One in six firms met the demands of hackers last year by paying out ransoms, according to the “chilling” findings of a report on cyber crime.
The annual Hiscox Cyber Readiness Report revealed that 6% of the 5,569 firms polled – and one in six of those attacked – had surrendered by paying a ransom following a cyber attack.
The highest losses for a single firm targeted with ransomware hit 50 million US dollars (£40.2 million).
The report also showed that total cyber losses surged 50% to nearly 1.8 billion dollars (£1.4 billion) in 2019.
Cyber losses per firm have risen nearly six-fold, from an average of 10,000 dollars (£8,041) a firm to 57,000 dollars (£45,832).
UK firms are now 15 times more likely to suffer a cyber attack than a fire or theft, the report suggests.
It revealed the biggest reported cyber loss among firms in the eight countries surveyed was suffered by a UK financial services firm, at 87.9 million dollars (£71 million).
The report also found the highest loss from any one cyber event was 15.8 million dollars (£12.7 million), involving a UK professional services firm.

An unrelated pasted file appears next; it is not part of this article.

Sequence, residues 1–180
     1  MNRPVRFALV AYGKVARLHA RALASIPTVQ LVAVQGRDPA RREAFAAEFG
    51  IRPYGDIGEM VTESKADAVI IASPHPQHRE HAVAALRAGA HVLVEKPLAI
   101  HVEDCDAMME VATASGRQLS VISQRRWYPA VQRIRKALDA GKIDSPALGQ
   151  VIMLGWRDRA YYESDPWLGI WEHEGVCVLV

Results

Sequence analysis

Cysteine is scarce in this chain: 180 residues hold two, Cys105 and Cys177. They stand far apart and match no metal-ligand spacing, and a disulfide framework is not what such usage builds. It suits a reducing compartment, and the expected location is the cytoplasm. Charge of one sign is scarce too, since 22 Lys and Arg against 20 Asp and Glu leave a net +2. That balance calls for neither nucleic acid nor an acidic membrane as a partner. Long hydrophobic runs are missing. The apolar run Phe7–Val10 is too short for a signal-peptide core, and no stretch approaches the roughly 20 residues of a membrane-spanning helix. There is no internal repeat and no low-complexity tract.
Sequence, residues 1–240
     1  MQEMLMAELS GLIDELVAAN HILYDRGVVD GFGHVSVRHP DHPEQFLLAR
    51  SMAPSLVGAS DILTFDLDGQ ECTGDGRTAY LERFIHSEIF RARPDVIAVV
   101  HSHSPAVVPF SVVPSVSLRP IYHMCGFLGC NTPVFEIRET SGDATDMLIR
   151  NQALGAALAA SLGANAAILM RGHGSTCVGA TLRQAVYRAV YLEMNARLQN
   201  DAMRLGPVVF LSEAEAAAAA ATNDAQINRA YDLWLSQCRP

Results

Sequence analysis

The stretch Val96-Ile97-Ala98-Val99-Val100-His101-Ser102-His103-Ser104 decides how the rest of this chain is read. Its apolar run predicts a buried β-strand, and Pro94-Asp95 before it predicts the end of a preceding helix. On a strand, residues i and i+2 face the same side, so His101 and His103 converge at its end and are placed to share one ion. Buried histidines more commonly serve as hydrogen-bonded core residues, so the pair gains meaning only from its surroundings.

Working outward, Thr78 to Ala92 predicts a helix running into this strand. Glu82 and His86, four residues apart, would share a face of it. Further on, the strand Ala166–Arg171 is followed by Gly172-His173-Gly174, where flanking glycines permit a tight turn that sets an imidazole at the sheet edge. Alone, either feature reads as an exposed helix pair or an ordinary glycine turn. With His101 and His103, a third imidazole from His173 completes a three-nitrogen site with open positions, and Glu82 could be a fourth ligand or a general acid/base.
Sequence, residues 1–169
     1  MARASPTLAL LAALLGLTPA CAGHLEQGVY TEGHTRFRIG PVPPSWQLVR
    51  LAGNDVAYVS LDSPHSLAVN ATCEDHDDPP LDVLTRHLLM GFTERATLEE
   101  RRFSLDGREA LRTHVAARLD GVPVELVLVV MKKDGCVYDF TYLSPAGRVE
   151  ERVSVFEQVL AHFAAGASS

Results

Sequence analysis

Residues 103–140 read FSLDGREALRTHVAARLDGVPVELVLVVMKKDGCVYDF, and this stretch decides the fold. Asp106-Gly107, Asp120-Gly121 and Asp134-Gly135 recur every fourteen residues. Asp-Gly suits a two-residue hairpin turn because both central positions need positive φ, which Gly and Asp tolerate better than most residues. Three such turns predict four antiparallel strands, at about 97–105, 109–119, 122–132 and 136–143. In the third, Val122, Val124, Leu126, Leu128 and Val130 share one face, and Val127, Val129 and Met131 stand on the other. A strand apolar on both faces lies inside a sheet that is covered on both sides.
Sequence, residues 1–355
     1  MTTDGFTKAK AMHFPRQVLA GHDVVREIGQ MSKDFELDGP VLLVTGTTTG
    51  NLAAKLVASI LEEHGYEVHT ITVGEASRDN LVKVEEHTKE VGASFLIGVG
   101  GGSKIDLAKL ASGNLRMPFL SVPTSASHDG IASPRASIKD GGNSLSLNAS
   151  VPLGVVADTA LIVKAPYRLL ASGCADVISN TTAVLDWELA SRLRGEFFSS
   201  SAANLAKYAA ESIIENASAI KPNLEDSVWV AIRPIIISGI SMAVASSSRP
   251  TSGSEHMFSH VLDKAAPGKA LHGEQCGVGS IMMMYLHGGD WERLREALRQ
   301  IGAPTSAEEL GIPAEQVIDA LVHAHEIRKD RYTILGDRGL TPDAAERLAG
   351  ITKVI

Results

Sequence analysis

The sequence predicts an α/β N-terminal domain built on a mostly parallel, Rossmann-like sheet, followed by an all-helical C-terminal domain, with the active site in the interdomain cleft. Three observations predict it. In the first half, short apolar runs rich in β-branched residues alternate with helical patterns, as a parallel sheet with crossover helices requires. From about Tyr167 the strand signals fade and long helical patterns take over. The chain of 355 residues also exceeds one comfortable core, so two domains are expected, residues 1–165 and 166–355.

It comes after a recent spate of cyber attacks on British firms, with foreign exchange giant Travelex becoming the victim of a high-profile hack at the turn of the year and reportedly paying out 2.3 million dollars (£1.8 million) in January to the notorious REvil ransomware gang.
The New Year’s Eve attack left its systems down for weeks, forcing the group to resort to pen and paper across its branches.
But while cyber attack losses rose last year, the Hiscox report also showed that firms are upping their defences against hacks, with spending on cyber security rising 39%.
And the proportion of businesses targeted by cyber criminals fell from 61% to 39%.
Gareth Wharton, Hiscox Cyber chief executive, said: “The number of businesses that have paid a ransom following a malware infection is chilling.
“There is, however, one very positive message from this year’s report – there is clear evidence of a step-change in cyber preparedness, with enhanced levels of activity and spending.
“Take-up of standalone cyber insurance remains patchy, but this report is a reminder that firms are many times more likely to have a cyber incident than either a fire or a theft – for which most automatically insure.”
The study surveyed companies across the US, UK, Belgium, France, Germany, Spain, the Netherlands and Ireland.
It found average spending in the UK rose from just under 900,000 US dollars (£724,000) last year to 1.5 million US dollars (£1.2 million).
Hiscox also warned there were new cyber threats emerging from the coronavirus crisis, with a ramp-up in so-called phishing scams and as staff and companies are leaving themselves vulnerable due to less-secure home working computers.
Mr Wharton said: “As companies roll out working from home, potentially less secure devices are being connected to corporate networks.
“Rapidly rolled out remote access solutions may lack the thorough security testing that would have taken place in more stable times.”